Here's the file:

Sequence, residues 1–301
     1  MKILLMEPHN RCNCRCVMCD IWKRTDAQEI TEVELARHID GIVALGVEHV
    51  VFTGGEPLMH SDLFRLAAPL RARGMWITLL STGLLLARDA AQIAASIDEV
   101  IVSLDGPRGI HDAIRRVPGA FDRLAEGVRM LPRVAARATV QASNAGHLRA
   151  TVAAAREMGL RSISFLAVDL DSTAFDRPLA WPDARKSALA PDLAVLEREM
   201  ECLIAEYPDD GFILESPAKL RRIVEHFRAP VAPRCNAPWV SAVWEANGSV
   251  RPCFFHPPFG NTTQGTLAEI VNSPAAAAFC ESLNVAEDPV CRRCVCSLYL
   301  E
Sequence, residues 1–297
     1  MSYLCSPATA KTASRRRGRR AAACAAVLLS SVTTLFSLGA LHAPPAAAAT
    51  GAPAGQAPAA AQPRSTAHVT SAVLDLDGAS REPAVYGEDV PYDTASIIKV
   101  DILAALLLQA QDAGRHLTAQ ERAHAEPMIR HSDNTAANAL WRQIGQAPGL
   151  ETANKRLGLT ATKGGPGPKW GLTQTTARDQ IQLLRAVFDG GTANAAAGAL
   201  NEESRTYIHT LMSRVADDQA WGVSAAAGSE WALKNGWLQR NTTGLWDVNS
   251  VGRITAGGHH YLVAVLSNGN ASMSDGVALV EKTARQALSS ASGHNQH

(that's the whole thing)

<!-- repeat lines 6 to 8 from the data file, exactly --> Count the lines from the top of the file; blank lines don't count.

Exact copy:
   201  ECLIAEYPDD GFILESPAKL RRIVEHFRAP VAPRCNAPWV SAVWEANGSV
   251  RPCFFHPPFG NTTQGTLAEI VNSPAAAAFC ESLNVAEDPV CRRCVCSLYL
   301  E